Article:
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Oatmeal Bread Made With Sorghum

3/27/2011 10:15:27 PM

Tags: oatmeal bread, sorghum, old cookbooks, farm journal cookbook, farm journal, homemade bread, Sherry Leverich Tucker

oatmeal breadI am a cookbook collector! It is really hard for me to resist adding a new one to the collection, but I do try to pace myself and be selective because I like to control my clutter. My favorites are the really old ones. I especially enjoy the ones that have fancy recipes for entertaining. I love reading about the special care that is taken for dining and bringing together a full wonderful meal. It is also a real treasure if I can find a cookbook that has a canning section filled with yummy and unique pickle recipes, or a candy making section with beaten fudges or divinities.

Farm Journal Cookbooks 

In my collection I have several cookbooks from the Farm Journal. These are incredible cookbooks compiled from authentic country cooks and filled with tried and true recipes. The five that I own were published during the '50's, '60's and '70's. Every recipe I have ever tried out of these books has been a keeper! A recipe that I go back to again and again is this yummy oatmeal bread recipe. I use old fashion oats and (of course) use sorghum in place of the molasses. This is also a great recipe to add some flax seed meal if you are using that as a supplement. Another attribute is that it is a no-knead bread recipe, great if you are running tight on time! This recipe can be found in the “money-maker” recipes section of the Farm Journal Country Cookbook.

Molasses Oatmeal Bread 

  • 1 cup rolled oats 
  • 1/3 to ½ cup molasses (or sorghum) 
  • ¼ cup shortening 
  • 1 tbls. salt 
  • 2 cup boiling water 
  • 2 pkgs. granular yeast 
  • 1 cup warm water 
  • 8 cup sifted flour 

Combine oats, molasses, salt, shortening and water. Set aside to cool. Sprinkle yeast over warm (110 degree F) water. Stir to blend. Add to molasses mixture. Stir in flour, in two additions, mixing well. Place in large greased bowl, cover and set in a warm place until doubled, about 1 ½ hours. Punch down. Allow to rise until doubled two more times about 30 minutes each. 

Divide dough into 3 portions. Knead each portion. Form into loaves and place in greased loaf pans. Allow to rise until doubled.  

Bake in a hot oven (425 degree F) 10 minutes. Reduce heat and finish baking in moderate oven (350 degree F) 30-35 minutes. Remove from pans at once. Brush tops of loaves with melted butter and cover lightly until cool. Makes 3 loaves. 

Mmmm, warm out the oven I can't resist slicing off an end and slathering it with butter. A fresh loaf of homemade bread compliments most every meal. For dessert I just made a simple vanilla pudding using my son's own goat milk (I will share more about this in a later blog) and my mom's fresh eggs with their deep golden yolks. Do my sons realize how decadently we live? No, and I wouldn't want it any other way.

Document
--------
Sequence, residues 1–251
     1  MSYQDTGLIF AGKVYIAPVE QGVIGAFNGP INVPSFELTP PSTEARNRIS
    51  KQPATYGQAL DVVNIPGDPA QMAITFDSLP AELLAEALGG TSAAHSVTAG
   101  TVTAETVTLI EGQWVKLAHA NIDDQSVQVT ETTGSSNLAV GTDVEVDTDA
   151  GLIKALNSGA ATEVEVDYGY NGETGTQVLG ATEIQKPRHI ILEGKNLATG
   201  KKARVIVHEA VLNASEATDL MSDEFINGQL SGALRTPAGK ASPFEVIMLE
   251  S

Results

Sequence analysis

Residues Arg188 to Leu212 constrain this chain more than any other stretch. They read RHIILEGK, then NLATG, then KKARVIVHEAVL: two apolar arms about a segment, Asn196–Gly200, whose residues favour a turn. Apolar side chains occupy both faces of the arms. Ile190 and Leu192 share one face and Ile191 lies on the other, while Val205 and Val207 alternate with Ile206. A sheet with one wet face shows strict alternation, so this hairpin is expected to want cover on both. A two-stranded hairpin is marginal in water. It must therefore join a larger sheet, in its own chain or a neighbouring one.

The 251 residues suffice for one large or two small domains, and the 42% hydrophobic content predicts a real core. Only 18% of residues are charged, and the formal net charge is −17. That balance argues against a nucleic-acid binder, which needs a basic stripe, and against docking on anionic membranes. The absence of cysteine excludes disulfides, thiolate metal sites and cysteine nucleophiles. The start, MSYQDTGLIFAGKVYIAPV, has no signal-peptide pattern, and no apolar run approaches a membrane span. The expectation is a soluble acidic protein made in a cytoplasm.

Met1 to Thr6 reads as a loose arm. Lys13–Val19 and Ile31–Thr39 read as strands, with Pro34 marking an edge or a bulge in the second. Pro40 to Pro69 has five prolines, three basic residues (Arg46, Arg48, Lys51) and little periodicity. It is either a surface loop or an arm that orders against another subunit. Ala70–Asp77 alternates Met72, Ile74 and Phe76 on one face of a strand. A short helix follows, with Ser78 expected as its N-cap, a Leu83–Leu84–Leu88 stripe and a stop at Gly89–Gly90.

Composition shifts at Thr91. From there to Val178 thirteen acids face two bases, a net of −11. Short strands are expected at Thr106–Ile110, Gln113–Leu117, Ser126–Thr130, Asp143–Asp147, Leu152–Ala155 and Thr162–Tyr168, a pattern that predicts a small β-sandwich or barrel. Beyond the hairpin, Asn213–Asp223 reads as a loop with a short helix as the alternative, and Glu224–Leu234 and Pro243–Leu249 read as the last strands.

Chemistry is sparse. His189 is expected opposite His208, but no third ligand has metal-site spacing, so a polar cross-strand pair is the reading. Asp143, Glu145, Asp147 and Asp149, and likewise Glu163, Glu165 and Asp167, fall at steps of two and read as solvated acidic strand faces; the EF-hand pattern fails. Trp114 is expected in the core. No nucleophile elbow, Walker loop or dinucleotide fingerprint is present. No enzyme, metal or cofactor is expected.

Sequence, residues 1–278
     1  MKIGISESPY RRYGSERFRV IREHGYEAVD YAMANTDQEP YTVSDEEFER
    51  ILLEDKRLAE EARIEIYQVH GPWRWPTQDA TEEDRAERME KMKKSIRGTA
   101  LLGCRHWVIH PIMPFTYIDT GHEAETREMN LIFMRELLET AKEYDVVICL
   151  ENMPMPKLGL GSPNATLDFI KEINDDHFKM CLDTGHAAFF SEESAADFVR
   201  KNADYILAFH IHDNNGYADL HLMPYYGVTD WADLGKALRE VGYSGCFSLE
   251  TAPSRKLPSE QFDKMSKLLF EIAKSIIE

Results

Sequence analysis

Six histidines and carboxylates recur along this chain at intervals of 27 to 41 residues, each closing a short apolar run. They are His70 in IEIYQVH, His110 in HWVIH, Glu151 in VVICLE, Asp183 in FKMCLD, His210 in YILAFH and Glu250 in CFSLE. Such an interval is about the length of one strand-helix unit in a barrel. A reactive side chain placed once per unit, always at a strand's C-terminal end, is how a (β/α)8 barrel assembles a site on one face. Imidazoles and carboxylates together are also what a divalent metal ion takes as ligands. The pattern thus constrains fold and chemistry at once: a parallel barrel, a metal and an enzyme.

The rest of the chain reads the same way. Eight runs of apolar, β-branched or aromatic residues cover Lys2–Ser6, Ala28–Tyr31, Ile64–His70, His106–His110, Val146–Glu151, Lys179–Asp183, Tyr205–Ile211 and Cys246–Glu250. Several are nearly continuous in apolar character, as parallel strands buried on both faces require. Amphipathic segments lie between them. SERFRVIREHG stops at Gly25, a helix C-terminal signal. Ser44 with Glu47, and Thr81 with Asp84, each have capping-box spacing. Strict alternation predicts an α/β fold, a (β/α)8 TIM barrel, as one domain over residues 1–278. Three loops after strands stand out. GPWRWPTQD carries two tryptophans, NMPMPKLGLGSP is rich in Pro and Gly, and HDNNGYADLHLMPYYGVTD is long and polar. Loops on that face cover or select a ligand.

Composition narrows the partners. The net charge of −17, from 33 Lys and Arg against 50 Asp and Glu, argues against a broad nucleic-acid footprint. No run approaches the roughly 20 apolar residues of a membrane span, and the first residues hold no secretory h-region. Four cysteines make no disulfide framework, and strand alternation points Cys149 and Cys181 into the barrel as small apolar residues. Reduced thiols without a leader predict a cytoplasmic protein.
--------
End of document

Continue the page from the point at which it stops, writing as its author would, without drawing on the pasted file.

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Post a comment below.

 

Matt64341
9/3/2013 11:00:38 PM
This recipe smells fantastic the entire time you are preparing it and baking it and the taste is very good. I used blackstrap molasses and used butter instead of shortening. It was spongier than I had hoped for, but still a very good bread in the end. I did find it misleading to say that this recipe is "great if you are running tight on time" and a "no-knead" recipe. The whole process takes at least 3-4 hours and there was no way to get 8 cups of flour into the dough without kneading it for a few minutes.

Sherry Tucker
1/25/2012 12:36:53 PM
Ginny, thank you for the comment. I think that the recipe should more appropriately state to punch down. At this point in the recipe, the dough has already risen, and actual kneading to incorporate more flour and develop glutton is not necessary. The kneading to be done before forming into loaves is simply to bring the 1/3 together as a unit and remove the large air bubbles formed during the first rising. I hope that helps! Thanks for reading :)

GINNY ALFANO
1/20/2012 2:24:21 AM
I am a bit confused. The author states that this is a no-knead bread, but in the recipe it says: "Divide dough into 3 portions. Knead each portion. Form into loaves and place in greased loaf pans. Allow to rise until doubled." Just curious since I'm always looking for delicious no-knead breads. Any help would be appreciated.







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